What is Blockers Exostosis
- Blockers exostosis is condition resulting from an extra bone growth in the arm bone.
- The arm bone is medically called as humerus.
What is meant by an exostosis?
- The word “Exostosis” means an extra bone growth.
- An exostosis is a bony outgrowth or projection that develops on the surface of a bone. It is also commonly referred to as a bone spur. Exostoses can occur in various locations in the body, including the long bones, flat bones, and joints. They are typically composed of normal bone tissue and can vary in size and shape.
- Exostoses can develop as a result of several factors, including trauma, chronic irritation, inflammation, or genetic predisposition. They can also be associated with certain conditions such as osteoarthritis, Paget’s disease, or hereditary multiple exostoses (a genetic disorder characterized by the presence of multiple exostoses).
- In many cases, exostoses do not cause any symptoms and may be discovered incidentally during imaging studies. However, depending on their size, location, and proximity to nearby structures, they can lead to symptoms such as pain, restricted range of motion, joint stiffness, nerve compression, or soft tissue irritation.
Why does Blockers exostosis develop?
- This condition commonly develops due to deposition of bone in the muscle of the upper arm which is the most common site
Why the name Blockers Exostosis?
- The name Blockers Exostosis came from the high incidence of the injury in American Football defensive blockers. They usually suffer blows to the arm.
- This is usually caused by injury to the upper arm.
Blockers exostosis is commonly seen in football players.
This disorder most commonly results from direct blows
What is the most common site?
Usually the sites of repeated injury are the most common sites of the Blockers exostosis
Synonyms of Blockers Exostosis
There are two synonyms of Blockers Exostosis
- Arm exostosis
- Tackler’s spur
What increases the risk?
The following factors may make you more likely to develop this condition:
- Participating in sports or activities that involve forceful contact on your arms, such as football, rugby, or martial arts.
- Having a bleeding disorder.
- Having a bone disease or joint disease.
- Having poor muscle strength or conditioning.
- Lacking a certain vitamin or mineral (having a deficiency).
- Being an older athlete.
What are the causes of Blockers Exostosis?
This condition may be caused by:
- A severe, direct hit, usually a blow or injury to the upper arm.
- Repeated small injuries to the same area of the upper arm over time.
A common cause of this condition is repeated impact of a football helmet against the arm of a football player.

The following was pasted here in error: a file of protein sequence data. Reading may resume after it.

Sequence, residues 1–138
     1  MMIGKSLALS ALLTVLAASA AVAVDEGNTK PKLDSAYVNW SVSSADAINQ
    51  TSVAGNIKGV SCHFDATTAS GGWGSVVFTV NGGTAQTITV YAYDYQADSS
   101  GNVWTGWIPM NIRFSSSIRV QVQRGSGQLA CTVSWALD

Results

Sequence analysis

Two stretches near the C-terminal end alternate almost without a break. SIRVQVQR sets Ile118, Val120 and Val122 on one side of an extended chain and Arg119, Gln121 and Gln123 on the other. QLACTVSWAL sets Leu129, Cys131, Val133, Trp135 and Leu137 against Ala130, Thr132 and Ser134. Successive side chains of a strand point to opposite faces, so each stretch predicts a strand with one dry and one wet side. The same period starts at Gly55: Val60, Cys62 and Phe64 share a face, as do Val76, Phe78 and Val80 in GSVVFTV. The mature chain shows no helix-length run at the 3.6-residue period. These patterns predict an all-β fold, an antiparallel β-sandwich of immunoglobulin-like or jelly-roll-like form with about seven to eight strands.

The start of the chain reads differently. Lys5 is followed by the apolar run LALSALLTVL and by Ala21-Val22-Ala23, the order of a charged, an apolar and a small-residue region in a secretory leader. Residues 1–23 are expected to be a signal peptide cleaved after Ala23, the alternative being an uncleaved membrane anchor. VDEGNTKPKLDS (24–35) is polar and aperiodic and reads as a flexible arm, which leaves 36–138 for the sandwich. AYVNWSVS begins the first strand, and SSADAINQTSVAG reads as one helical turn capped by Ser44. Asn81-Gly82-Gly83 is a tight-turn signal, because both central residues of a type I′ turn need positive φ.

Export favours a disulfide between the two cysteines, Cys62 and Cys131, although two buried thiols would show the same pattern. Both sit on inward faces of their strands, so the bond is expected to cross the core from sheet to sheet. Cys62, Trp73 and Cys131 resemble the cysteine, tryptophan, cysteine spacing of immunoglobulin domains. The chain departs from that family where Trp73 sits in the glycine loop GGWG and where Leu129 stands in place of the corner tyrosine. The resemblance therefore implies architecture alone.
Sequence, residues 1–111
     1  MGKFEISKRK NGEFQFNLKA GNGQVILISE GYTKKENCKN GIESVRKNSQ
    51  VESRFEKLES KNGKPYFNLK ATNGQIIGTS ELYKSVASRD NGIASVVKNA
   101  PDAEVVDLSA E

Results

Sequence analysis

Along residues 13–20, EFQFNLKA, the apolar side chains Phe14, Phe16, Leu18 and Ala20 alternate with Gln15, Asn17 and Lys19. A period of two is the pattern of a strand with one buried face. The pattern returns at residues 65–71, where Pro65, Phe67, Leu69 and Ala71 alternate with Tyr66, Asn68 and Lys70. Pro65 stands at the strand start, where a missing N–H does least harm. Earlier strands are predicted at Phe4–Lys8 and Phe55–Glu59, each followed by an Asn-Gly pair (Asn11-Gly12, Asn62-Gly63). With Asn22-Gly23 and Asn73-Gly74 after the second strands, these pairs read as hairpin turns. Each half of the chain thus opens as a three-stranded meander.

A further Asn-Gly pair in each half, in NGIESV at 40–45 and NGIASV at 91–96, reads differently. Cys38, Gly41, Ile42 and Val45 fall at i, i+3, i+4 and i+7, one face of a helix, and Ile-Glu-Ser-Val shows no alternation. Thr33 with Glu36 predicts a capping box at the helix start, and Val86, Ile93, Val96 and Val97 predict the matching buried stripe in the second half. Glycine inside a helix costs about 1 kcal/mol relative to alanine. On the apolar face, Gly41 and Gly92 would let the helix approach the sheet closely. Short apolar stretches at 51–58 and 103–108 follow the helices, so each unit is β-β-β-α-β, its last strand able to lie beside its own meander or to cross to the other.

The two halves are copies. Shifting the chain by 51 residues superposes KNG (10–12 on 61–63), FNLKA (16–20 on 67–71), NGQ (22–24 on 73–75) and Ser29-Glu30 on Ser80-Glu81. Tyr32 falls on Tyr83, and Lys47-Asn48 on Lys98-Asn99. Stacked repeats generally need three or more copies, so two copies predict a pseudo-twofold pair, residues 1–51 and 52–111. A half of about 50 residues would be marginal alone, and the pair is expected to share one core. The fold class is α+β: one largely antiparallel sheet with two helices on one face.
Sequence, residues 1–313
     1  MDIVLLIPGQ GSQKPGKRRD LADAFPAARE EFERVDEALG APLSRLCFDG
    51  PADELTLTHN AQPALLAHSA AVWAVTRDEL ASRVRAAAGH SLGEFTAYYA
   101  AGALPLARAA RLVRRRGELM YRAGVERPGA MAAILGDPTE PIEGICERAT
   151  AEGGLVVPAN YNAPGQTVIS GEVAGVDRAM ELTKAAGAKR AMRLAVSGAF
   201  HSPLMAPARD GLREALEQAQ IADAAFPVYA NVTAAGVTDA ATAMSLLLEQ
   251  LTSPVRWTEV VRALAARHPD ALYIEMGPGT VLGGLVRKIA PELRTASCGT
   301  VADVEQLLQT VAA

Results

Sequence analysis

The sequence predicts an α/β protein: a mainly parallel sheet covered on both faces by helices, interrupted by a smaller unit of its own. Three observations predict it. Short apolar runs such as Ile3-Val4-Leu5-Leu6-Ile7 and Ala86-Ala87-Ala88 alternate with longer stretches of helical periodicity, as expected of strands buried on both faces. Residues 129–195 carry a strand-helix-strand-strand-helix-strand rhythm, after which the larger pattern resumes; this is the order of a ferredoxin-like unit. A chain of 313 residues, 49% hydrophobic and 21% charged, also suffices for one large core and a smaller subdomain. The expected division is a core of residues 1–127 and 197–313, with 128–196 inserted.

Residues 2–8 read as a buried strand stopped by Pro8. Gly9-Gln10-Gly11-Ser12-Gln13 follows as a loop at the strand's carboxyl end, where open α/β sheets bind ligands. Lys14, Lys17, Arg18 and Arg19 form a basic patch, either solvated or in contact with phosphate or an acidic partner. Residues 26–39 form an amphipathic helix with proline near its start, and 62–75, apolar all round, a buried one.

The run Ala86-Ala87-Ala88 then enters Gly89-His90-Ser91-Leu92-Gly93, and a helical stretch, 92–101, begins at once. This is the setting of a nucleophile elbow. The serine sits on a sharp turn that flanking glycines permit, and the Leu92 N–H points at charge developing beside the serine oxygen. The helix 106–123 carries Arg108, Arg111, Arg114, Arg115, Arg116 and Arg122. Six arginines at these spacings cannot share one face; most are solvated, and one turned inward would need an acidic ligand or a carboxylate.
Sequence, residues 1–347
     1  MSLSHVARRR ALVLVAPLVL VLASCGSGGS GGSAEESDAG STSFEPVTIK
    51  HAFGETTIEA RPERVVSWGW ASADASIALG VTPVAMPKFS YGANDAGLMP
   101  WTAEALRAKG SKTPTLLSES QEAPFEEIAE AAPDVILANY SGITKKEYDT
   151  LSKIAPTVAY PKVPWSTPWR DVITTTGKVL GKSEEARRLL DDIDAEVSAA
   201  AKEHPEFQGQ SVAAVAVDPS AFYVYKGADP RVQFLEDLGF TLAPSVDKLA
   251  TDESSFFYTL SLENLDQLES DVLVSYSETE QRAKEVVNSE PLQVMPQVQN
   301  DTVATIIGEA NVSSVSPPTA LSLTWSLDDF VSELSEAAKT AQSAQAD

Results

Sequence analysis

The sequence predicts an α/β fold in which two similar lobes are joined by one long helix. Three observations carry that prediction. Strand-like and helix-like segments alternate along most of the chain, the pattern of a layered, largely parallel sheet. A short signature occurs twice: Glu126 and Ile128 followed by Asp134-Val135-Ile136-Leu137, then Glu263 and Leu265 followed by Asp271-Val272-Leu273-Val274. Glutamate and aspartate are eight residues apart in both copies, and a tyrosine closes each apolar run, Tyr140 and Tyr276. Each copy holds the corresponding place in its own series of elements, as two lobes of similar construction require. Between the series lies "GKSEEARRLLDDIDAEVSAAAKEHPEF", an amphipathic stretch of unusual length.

What are the signs or symptoms of Blockers Exostosis ?
In some cases, there may be no symptoms of this condition. Possible symptoms include:
- Pain and swelling. Pain is common at the site of exostosis. This pain may get worse when pressure is applied to the area or gets aggravated if there is a minor injury.
- Stiffness in the shoulder or elbow.
- Bruising or discoloration. Skin in the affected area may turn red, purple, or yellow. This bruising may happen with repeated injuries
- A lump or a swelling that you can feel if you push on the affected area.
- Numbness, tingling, or decreased blood flow in your arm and hand. This is rare.
- When there is a break in this exostosis, a movable piece may be felt within the arm
How is this diagnosed?
Blockers Exostosis may be diagnosed as below
- Based on the symptoms of the affected
- The medical history of the affected
- A physical examination
- Imaging tests. It may take up to 4 weeks for the exostosis to be visible on these tests. Imaging tests may include:
How is Blockers Exostosis treated?
Treatment is not required if you have no symptoms
Treatment for this condition depends on the severity.
If you do have symptoms, treatment may include:
- Resting the injured area. This may include stopping any sports and physical activity for 2–4 weeks.
- Icing the injured area.
- Medicines that help to relieve pain and inflammation.
- Physical therapy.
- Injections of medicines that help to reduce inflammation (cortisone).
- Surgery to remove the exostosis. This is rarely done.
- Take OTC and prescription medicines only as told by your health care provider.
- Do not use any tobacco products, such as cigarettes, chewing tobacco, or e-cigarettes. Tobacco can delay bone healing. If you need help quitting, ask your health care provider.
- Keep all follow-up visits as told by your health care provider. This is important.